But this time, it's definition should be written inside the class body. See the example below.

class Vehicle:

model_name = “model x”

brand_name = “Brand y”

def start(self):

print “Starting Vehicle...”

defstop(self):

print “Stop Vehicle...”

A start and a stop function have been created. If the start function is called, it should print “starting vehicle”. And if the stop function is called, it should print “stop vehicle”.

Note that the first argument to each method is self. Python adds the self-argument to the list. You do not need to include it when you call the methods.

Built-in Class Attributes

Built-in attributes can be accessed by using a dot operator like any other attribute. There are five types of built-in class attributes:

  • _dict_ attribute gives a dictionary containing the class’s namespace.

  • _doc_ attribute gives a class documentation string. It will return nothing if the documentation is not defined.

  • _name_ attribute gives a class name.

  • _module_ attribute gives the name of a module in which the class is defined. It's called _main_ in the interactive mode.

  • _bases_ attribute returns an empty tuple containing the base classes.

_Init_Function

Python classes have a special function called Init. It's called the class constructor, or initialization method that python calls when you create a new instance of such a class. It is called in a code when you create an object.

It allocates spaces for various objects. This function takes care of initializing objects. This means that it takes care of assigning values to variables of objects passed by the user.

As with other functions in a python class, the first argument to each method is self. Python then adds the self-argument to the list. You do not need to include it when you call the methods.

Example of Defining and Using a Class

To understand how to create a class in python, see the example given below:

class Student(object) :

name = “”

pass = True

def __int__(self, name):

self.name=name

def is_pass(self):

return self.pass

To create a student class, there are two variables in this class. The first variable is ‘name’, which is used to store the name of a student. The second variable is the ‘pass’ variable that contains the value True.

Seeing further, the constructor has also been defined. The first argument of the constructor is self, as explained in the previous sections.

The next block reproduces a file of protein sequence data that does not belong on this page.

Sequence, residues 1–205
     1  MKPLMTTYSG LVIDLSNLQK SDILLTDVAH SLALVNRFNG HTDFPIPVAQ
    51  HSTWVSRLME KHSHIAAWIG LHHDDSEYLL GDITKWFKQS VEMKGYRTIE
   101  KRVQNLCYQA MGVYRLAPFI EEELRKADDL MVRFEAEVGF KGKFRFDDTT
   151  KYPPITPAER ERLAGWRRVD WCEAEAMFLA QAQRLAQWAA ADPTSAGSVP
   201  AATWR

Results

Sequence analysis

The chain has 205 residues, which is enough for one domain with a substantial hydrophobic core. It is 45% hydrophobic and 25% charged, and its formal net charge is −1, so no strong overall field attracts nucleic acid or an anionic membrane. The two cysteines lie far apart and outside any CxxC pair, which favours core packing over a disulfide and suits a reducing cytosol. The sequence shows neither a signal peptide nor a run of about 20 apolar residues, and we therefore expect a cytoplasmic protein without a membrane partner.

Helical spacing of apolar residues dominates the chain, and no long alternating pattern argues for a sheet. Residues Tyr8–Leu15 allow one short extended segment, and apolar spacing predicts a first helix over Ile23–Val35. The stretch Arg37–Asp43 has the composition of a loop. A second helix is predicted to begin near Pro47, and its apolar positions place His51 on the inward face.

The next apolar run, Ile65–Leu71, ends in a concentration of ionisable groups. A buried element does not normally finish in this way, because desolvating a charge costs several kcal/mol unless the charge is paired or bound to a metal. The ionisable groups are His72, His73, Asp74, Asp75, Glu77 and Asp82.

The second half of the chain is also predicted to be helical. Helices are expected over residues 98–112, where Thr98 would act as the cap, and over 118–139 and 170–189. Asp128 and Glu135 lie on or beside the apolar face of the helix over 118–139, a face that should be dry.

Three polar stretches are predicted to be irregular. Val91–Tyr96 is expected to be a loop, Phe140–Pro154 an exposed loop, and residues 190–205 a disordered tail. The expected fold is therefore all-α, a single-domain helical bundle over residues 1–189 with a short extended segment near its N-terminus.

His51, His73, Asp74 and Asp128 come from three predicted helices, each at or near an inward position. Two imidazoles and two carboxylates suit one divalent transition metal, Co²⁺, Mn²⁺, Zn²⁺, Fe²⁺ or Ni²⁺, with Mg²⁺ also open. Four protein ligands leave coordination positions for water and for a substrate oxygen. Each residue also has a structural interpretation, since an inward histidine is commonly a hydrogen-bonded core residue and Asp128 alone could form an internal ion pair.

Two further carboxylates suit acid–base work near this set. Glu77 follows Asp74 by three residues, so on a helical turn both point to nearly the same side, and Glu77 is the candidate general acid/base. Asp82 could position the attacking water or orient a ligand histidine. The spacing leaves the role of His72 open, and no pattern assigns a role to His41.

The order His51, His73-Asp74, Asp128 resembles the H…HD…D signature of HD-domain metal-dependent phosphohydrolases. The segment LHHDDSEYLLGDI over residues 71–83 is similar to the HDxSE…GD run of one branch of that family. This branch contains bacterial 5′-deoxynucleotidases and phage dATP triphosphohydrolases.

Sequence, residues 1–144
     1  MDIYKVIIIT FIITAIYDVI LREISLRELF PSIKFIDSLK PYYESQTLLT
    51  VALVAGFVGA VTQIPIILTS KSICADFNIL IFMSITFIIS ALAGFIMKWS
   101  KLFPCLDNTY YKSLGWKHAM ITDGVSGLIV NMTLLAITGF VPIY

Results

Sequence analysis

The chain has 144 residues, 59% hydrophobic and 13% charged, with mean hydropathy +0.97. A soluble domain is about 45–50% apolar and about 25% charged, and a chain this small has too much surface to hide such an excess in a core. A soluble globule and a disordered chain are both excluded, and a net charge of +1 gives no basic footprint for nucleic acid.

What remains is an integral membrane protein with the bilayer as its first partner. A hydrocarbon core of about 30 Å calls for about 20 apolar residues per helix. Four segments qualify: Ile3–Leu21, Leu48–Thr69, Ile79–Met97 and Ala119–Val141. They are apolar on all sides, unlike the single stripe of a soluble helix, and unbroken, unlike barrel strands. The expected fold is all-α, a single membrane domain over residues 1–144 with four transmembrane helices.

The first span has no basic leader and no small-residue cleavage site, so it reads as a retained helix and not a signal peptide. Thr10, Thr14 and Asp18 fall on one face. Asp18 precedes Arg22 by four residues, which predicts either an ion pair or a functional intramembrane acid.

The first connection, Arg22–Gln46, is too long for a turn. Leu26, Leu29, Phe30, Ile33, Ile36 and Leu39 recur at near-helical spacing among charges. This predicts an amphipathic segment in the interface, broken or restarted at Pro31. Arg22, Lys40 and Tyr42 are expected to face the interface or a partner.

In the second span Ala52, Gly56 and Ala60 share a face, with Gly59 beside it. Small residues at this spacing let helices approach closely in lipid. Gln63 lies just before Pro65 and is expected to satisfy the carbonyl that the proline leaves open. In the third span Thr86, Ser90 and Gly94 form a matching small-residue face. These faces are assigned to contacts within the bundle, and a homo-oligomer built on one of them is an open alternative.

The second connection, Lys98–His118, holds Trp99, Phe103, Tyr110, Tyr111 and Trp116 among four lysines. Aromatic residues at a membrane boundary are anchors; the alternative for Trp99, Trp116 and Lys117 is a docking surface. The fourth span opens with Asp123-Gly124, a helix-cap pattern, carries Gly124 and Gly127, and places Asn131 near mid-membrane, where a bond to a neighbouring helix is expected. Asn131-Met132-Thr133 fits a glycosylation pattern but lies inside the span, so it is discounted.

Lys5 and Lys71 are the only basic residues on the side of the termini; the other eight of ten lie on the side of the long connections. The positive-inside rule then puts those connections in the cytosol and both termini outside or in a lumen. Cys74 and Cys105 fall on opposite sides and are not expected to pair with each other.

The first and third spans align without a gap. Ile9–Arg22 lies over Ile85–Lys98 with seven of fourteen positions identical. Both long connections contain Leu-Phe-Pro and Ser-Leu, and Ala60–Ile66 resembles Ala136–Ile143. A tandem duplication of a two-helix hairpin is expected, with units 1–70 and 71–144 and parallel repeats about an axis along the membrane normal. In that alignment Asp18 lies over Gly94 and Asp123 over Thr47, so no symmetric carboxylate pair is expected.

The second argument is ‘name’. A name passed by the user has been assigned to the variable of this object. Similarly, one more function pass has been created above, which returns the value of the variable pass.

To explain the same example in more detail, it's important to know how to use a class.

Consider the example shown below.

## Defining object

student1 = Student(“David”)

##Using the object

print student1.is_pass()

Output : True

Create the object of the class student and assign the name ‘David’ to the name variable. On calling the init method and passing David to it, you can access the name variable of this object, or call it. This is called with the pass function using a dot operator. It will return a relevant value.

Summary

Let's summarize the topics covered in this lesson.

  • A class is a user-defined data type that’s used as a blueprint to create multiple objects. It is made of variables and functions.

  • Objects are variables of classes. You can create multiple objects of a class and each object can have different values for its variables.

  • The dot operator is used to access the values stored in different variables of that object.

  • Every Python class follows built-in attributes and they can be accessed using the dot operator like any other attribute.

  • Python classes have a special function called __init__, which is a class constructor.

Conclusion

With this, we have come to an end of this lesson on Python Classes.

  • Disclaimer
  • PMP, PMI, PMBOK, CAPM, PgMP, PfMP, ACP, PBA, RMP, SP, and OPM3 are registered marks of the Project Management Institute, Inc.